Directorate General for Competition of the European
Commission ("DGCOMP") recently launched a public
consultation on the sector's current exemption from
competition rules (known as the "block exemption
Regulation" or "BER").
Competition Commissioner Kroes stated that its purpose is to
assess "whether there are sufficient grounds to
renew" the BER.
The final report published in September 2007 by the European
Commission on its inquiry into competition in the business
insurance sector already indicated that exemption may no longer
be justified when the BER expires in March 2010.
This briefing sets out details of the public consultation
and comments on its objectives and how market operators should
present their views.
The European Commission has indicated that, to date, it has
not received compelling arguments from industry to justify
renewal. The preliminary view is that the non-renewal of the
BER should not affect the business practices that the BER
Under a 2003 antitrust reform package, businesses have to
self-assess whether their business practices comply with EC
competition rules. In this regard, DGCOMP has increasingly
perceived sector specific regulations as an anachronism;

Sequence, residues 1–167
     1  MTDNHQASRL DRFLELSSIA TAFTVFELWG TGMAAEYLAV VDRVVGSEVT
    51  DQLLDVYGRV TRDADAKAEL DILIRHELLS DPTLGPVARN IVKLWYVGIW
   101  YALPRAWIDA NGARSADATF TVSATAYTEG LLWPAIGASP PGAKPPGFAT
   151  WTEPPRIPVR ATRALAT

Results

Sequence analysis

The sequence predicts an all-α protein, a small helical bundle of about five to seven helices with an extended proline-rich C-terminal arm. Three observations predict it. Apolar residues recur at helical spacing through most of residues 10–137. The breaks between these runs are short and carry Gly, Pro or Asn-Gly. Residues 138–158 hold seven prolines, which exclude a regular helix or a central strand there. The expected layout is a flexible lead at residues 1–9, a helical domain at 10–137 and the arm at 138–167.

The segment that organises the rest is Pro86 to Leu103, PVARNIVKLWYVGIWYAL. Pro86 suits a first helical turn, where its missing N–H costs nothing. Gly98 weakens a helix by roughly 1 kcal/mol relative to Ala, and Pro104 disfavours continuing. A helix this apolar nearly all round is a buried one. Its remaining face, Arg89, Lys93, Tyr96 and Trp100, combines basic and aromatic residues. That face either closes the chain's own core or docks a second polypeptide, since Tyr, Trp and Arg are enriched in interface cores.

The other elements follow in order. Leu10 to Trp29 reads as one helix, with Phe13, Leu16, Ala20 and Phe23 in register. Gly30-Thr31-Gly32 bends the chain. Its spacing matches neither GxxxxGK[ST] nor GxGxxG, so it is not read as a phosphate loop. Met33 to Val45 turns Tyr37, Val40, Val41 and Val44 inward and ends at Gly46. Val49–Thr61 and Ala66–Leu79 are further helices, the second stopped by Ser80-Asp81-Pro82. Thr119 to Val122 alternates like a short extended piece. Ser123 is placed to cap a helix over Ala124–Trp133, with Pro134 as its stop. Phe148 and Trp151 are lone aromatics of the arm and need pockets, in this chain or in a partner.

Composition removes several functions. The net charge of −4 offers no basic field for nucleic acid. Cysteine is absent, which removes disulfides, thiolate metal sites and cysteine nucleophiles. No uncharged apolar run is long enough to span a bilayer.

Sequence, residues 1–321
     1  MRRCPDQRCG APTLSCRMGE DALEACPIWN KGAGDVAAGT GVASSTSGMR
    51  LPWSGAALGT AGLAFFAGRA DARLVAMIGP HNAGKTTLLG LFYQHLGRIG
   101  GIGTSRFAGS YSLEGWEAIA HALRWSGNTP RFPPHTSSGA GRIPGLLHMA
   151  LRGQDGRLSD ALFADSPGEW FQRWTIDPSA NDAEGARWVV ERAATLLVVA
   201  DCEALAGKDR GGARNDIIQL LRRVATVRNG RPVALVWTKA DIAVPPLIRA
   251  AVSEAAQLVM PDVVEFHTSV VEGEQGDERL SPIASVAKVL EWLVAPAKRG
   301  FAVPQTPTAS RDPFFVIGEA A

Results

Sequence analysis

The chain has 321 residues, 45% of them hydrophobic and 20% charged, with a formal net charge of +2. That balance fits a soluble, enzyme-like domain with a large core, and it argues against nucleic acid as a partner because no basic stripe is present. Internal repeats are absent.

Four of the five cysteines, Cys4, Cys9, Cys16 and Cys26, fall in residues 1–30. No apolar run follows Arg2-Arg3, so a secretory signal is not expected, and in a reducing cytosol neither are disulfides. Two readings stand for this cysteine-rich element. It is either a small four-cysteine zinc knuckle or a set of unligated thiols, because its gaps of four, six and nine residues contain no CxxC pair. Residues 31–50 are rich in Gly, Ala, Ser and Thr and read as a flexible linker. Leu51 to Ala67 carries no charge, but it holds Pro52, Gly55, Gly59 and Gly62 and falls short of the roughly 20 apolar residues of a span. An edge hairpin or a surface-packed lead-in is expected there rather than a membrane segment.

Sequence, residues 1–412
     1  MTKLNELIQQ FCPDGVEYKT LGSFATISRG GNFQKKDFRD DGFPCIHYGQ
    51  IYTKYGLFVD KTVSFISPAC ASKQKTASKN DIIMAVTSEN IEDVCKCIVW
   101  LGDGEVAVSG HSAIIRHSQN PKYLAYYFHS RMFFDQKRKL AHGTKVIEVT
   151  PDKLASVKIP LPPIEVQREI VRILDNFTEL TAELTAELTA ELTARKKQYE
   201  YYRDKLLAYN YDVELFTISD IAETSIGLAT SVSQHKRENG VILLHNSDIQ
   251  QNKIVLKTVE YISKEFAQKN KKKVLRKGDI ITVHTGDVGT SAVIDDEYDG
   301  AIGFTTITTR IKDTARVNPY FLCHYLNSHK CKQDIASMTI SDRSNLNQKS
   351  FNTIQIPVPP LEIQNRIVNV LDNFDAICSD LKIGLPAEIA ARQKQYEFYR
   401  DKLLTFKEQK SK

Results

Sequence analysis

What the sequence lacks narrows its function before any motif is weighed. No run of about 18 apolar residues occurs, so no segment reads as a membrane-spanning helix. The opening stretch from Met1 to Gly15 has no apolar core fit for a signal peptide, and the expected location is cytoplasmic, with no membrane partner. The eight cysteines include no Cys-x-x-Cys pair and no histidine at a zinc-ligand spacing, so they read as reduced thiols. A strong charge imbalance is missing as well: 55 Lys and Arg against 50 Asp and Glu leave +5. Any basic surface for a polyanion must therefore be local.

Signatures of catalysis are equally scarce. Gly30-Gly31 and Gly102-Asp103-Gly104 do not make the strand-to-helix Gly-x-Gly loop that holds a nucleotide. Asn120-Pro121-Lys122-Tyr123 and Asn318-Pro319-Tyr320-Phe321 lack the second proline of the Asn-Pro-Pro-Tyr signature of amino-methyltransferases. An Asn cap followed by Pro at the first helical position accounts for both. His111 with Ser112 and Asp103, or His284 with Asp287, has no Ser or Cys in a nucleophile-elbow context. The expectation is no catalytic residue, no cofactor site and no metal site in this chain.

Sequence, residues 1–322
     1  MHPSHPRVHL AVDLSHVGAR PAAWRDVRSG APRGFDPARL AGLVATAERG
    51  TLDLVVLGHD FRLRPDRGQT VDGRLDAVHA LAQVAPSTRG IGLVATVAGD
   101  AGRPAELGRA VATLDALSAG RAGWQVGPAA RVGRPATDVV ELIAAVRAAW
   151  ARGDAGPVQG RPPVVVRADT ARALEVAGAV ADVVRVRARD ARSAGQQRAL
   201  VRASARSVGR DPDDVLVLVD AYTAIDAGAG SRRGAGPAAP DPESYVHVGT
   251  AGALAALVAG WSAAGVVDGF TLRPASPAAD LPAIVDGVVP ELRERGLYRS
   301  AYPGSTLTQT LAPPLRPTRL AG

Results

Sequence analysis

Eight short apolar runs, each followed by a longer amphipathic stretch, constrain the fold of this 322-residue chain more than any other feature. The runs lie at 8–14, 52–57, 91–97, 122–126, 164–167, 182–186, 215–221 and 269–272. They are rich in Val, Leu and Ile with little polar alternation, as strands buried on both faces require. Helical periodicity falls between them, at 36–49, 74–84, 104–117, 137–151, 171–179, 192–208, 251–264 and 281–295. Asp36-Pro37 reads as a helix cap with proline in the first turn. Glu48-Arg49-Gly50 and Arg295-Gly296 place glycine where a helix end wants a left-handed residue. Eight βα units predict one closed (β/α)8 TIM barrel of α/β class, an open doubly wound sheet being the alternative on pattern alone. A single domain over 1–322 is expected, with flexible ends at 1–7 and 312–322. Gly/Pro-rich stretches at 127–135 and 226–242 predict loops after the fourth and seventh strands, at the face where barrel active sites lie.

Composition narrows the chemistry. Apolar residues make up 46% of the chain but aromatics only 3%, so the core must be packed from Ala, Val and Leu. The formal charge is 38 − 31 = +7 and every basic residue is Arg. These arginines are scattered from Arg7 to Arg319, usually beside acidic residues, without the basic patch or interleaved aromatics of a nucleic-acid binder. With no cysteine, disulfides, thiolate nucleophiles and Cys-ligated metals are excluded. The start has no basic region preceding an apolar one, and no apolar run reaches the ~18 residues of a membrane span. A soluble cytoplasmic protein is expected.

compared to other industries, there appears to be no need for
special antitrust treatment of the insurance sector.
Scope of the Commission's review
The European Commission's consultation seeks information
from insurers and stakeholders on how the business practices of
the industry would be affected without a block exemption. If
the industry can provide convincing evidence that the
withdrawal of the block exemption is likely to discourage the
industry from entering into legitimate cooperative agreements,
then the Commission will be prepared to engage a debate on the
extension of the block exemption. Industry contributions to the
questions set out by the Commission in its paper launching the
consultation should thus enable the Commission to balance the
economic efficiencies and consumer benefits brought about by
the BER against any anticompetitive deficiencies.
While the consultation does not seek to erase 15 years of
experience of legitimate cooperation among insurers in the
matters covered by the BER, i.e. joint calculation of pure
premiums, standard/model terms and conditions, insurance pools,
and security devices, the Commission's review should
nevertheless focus on the substantive aspects of these